As a health care revenue cycle consultant, I don’t consider myself a hospital advocate, a patient advocate, or even a health care advocate. I take on each of those roles from time to time, but I actually consider myself an information advocate. I try to remain fair and balanced while giving out information that’s true (or at least should be), no matter which way it goes.

by Anh Nguyễn Duy
from Pixabay

There are lots of stories on TV and in newspapers and magazines that paint this picture of evil hospitals and their billing practices. I’m here to tell you that most of the time it has nothing to do with billing, so get that one out of your mind. These practices that are considered evil are nothing of the sort; most of the time anyway. They follow standard business practices, and I say some because, unfortunately, health care is a much different animal than other businesses.

Here are 5 things you should know about hospital charges; they’re relatively short explanations. If you have any further questions, feel free to ask me in the comments area.

1. Billing departments aren’t responsible for hospital charges.

There isn’t a single billing department in the country responsible for charges. People in billing see very few bills these days, as everything is electronic.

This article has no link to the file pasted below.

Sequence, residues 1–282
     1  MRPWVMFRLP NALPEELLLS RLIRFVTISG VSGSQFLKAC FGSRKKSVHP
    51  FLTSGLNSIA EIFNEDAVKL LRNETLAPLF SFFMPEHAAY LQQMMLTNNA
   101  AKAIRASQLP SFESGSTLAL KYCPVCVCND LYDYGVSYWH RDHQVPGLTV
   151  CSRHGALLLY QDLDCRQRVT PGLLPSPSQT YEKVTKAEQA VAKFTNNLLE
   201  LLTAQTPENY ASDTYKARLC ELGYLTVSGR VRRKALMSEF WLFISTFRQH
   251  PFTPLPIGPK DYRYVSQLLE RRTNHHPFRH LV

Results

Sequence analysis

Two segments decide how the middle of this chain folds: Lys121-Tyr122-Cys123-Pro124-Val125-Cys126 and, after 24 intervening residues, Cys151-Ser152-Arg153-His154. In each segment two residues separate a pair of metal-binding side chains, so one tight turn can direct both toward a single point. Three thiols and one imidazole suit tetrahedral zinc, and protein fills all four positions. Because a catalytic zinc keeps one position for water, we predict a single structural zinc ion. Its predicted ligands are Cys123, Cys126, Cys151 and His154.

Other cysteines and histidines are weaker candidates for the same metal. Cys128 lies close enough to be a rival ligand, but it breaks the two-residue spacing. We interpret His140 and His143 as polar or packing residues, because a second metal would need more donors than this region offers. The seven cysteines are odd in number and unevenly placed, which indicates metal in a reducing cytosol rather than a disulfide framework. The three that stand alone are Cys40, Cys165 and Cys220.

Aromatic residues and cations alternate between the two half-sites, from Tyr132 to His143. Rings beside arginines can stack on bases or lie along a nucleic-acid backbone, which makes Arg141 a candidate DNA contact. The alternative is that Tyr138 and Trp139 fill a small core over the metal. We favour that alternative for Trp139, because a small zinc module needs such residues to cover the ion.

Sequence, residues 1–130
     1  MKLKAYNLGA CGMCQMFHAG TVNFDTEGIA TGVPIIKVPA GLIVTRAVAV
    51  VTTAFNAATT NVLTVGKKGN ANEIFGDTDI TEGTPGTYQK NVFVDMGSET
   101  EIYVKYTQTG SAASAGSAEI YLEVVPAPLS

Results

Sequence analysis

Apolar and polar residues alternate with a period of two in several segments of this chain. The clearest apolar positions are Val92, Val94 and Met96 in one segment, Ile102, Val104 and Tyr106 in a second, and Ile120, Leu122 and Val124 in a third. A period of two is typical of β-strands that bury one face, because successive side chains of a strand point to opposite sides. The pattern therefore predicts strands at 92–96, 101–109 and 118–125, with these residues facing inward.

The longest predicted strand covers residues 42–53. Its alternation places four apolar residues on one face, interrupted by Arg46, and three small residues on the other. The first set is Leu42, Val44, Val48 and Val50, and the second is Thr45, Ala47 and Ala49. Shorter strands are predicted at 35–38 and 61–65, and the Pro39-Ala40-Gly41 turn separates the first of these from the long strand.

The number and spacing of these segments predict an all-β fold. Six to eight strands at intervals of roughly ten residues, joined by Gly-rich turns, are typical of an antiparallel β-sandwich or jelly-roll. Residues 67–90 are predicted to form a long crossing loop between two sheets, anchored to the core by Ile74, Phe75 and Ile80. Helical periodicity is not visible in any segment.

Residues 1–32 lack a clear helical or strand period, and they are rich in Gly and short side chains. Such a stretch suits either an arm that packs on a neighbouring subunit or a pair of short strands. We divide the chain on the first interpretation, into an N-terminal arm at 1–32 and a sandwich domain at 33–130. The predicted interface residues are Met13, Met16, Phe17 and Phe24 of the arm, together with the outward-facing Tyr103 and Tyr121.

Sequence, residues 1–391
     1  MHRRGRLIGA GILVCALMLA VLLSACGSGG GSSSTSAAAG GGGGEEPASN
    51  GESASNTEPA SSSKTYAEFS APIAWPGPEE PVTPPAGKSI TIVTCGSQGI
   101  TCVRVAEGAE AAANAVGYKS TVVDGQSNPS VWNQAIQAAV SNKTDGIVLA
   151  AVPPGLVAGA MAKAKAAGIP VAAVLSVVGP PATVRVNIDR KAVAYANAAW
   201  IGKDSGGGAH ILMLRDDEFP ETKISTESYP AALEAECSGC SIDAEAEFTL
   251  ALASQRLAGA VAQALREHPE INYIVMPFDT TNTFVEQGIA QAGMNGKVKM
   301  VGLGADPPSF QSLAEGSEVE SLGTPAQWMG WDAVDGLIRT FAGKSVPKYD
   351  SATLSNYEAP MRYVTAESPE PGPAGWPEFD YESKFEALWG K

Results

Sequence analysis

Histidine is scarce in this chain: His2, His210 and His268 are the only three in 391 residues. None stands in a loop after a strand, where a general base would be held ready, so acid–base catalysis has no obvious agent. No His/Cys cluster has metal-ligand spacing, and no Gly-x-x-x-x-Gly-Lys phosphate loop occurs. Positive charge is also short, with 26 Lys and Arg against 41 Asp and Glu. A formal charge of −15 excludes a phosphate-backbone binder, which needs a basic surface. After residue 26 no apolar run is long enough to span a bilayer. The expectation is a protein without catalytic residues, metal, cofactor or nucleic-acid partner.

Who’s responsible for charges? Believe it or not, that part is dicey. Adding charges onto a bill is the duty of the department providing the service. Verifying prices of services… that one’s up in the air. Since most hospitals don’t have what’s called a charge master coordinator, the belief is that each department or the person in charge of billing should be handling it.

This piece is messy, as it’s dangerous for a hospital not to have someone responsible for this on at least a yearly basis; that’s why I consult in this area. However, for this particular point, all you need to know is it’s not the responsibility of the billing people; don’t take it out on them.

2. Hospital departments are responsible for hospital charges.

As I mentioned above, this is true but only for selecting the services they performed. Almost no hospital department directors actually puts dollar amounts on a service, though some do get to recommend a figure.

Unfortunately, pricing isn’t the only thing that comes under the purview of hospital charges. There’s descriptions, different types of codes, charge creation and deletion, and a host of other things that someone needs to be doing. This includes oversight on departments weighed down with nonbillable supplies that try to create packages that they can bill to patients because they think price is what’s important rather than “important”. I’ll mention more about this at point #4.

3. Hospital charges aren’t all over-excessive.

Like every other business, hospitals mark up their charges. Also like other businesses, costs have a lot to do with how things are priced. For instance, the costs of services in New York City are going to be way more than the cost of services in Oswego, NY. The costs for larger hospitals are going to be more than the cost of services in smaller hospitals; that’s just the way things go.

Unlike other businesses, hospitals almost never get paid what they charge for. With negotiated services along with Medicare and Medicaid, sometimes hospitals actually get paid less than 50% of negotiated rates (or mandatory rates for Medicare and Medicaid), regardless of the costs and prices of a service. The same goes for large payors like Blue Cross, though they’ll pay more than the other two above… sometimes.